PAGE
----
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I'm confused about this definition on wikipedia. enter image description here Do the GLB and LUB need to be contained in $L$ for it to be a lattice?

if they must be contained, what's the GLB or LUB of two elements $(x,y) \in L$ where $x$ is the LUB or GLB of $L$ itself and happens to be incomparable with $y$? wouldn't the result of that operation need to be outside $L$ if it were to exist? does that mean it's not a lattice?

If the result can't be contained in $L$ then it needs to be outside of $L$, then I guess I would need to define some superset of $L$ that has the same operations as $L$ for the GLB and LUB to live on? in that case is this still a lattice?

The definition on wikipedia says nothing about this.

Let me know if any clarification is needed.

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    $\begingroup$ Yes, the GLB and LUB must be in the lattice. If $x$ is the LUB of $L$, then $x$ cannot be incomparable with $y$ - by definition of LUB you must have $x \geq y$. Similarly if $x$ is the GLB of $L$. $\endgroup$ – kccu May 5 '17 at 16:35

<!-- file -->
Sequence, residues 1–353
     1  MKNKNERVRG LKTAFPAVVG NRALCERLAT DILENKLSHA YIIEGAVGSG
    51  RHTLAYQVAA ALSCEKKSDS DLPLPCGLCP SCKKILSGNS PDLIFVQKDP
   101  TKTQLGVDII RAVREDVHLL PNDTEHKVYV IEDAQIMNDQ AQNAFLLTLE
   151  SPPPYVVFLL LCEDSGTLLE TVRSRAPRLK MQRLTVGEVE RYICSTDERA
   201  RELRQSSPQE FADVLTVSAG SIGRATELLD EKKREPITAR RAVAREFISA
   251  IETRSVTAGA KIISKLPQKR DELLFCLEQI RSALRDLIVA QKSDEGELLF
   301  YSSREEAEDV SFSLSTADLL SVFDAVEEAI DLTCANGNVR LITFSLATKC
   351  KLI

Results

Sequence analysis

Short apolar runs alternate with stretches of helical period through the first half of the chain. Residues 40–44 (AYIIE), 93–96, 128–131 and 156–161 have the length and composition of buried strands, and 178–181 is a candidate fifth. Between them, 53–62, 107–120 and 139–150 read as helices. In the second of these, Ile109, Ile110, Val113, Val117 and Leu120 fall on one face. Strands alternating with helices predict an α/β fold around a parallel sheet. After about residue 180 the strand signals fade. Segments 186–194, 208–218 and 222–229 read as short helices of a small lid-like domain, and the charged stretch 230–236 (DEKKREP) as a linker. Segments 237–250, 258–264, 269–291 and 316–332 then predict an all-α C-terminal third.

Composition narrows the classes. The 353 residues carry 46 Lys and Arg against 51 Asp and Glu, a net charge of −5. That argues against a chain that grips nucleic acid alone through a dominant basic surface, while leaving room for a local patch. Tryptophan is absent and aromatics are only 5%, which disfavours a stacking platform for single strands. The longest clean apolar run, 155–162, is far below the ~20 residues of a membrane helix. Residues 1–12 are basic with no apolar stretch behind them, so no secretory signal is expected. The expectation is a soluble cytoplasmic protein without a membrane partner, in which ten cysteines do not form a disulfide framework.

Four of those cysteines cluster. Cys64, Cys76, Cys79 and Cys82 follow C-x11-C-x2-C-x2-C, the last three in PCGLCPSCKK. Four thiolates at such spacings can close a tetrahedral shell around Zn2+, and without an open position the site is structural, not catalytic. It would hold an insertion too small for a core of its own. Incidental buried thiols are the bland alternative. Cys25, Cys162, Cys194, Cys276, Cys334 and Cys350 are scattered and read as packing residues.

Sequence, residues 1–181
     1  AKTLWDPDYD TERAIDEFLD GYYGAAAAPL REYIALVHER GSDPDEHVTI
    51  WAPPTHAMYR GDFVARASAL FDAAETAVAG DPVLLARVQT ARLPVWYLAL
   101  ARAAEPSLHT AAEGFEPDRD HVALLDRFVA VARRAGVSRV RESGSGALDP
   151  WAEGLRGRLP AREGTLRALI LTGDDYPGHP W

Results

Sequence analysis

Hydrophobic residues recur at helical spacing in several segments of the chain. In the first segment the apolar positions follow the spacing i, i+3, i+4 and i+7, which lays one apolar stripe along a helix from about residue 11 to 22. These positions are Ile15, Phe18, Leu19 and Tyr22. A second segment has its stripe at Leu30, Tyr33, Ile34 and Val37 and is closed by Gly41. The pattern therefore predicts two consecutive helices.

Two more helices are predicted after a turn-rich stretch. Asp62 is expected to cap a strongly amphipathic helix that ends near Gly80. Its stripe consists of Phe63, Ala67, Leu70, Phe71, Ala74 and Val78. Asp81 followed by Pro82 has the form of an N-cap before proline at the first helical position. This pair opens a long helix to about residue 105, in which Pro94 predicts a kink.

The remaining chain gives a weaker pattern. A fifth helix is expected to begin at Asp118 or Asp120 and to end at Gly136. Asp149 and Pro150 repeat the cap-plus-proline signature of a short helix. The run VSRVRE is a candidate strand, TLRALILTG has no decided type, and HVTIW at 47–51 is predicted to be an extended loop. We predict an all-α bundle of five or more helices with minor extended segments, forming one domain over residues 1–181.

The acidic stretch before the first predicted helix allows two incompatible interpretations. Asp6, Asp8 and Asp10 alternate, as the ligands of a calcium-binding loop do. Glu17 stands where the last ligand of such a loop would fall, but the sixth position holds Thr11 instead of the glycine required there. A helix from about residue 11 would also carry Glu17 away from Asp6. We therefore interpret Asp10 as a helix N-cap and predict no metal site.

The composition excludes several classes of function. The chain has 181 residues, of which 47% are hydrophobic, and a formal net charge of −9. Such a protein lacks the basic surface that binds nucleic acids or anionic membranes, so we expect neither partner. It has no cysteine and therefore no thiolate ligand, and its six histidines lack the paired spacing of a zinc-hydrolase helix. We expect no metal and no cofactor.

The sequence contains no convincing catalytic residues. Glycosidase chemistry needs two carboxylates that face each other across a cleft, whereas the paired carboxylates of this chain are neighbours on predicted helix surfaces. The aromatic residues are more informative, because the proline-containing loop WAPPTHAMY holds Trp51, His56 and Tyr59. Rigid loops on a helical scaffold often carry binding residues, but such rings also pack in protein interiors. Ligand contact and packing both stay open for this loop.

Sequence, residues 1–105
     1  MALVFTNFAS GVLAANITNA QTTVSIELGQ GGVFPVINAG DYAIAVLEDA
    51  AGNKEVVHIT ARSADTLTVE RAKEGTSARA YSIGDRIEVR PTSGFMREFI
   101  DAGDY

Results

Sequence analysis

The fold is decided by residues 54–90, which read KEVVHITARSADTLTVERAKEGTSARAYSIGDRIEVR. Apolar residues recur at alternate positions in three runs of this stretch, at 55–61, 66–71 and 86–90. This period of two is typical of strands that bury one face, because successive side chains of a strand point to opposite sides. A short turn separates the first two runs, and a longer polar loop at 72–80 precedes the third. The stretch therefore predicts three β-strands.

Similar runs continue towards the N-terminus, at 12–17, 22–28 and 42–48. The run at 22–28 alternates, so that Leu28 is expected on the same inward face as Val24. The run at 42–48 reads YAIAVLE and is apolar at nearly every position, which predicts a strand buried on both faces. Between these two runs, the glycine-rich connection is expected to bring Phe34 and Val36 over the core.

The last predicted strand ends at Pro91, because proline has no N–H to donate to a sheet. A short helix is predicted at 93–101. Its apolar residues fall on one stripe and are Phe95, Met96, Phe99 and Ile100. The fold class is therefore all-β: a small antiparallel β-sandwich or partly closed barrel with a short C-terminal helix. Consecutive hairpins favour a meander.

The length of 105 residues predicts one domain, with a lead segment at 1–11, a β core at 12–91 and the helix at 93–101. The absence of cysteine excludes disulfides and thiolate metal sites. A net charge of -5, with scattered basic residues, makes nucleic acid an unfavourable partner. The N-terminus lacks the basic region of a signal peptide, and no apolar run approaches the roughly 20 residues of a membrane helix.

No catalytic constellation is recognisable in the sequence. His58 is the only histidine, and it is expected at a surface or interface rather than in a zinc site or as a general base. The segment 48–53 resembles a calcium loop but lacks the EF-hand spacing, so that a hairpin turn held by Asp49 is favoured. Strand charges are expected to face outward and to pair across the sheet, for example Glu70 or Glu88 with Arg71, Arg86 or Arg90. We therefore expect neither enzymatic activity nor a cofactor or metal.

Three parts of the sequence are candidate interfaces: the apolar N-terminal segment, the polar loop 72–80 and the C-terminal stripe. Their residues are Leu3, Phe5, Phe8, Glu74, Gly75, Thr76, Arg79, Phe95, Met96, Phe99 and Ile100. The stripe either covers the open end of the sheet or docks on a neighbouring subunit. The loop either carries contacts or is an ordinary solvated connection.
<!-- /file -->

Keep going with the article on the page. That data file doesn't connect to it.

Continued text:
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    $\begingroup$ I'm not sure I understand your question. $x \wedge x=x$ always, so what conditions are you imposing on $y$? $\endgroup$ – kccu May 5 '17 at 16:59
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    $\begingroup$ Oh, certainly not. Those are usually called $0$ and $1$ in a lattice ($0$ is the GLB and $1$ is the LUB), but they need not exist. For instance, the integers are a lattice with the usual ordering, but there is no least or greatest integer. A finite lattice will have a $0$ and $1$. $\endgroup$ – kccu May 5 '17 at 17:11
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    $\begingroup$ Yes, a finite lattice always has a $0$ and a $1$. $\endgroup$ – kccu May 5 '17 at 17:13
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    $\begingroup$ Yes, that's true. $\endgroup$ – kccu May 5 '17 at 17:43

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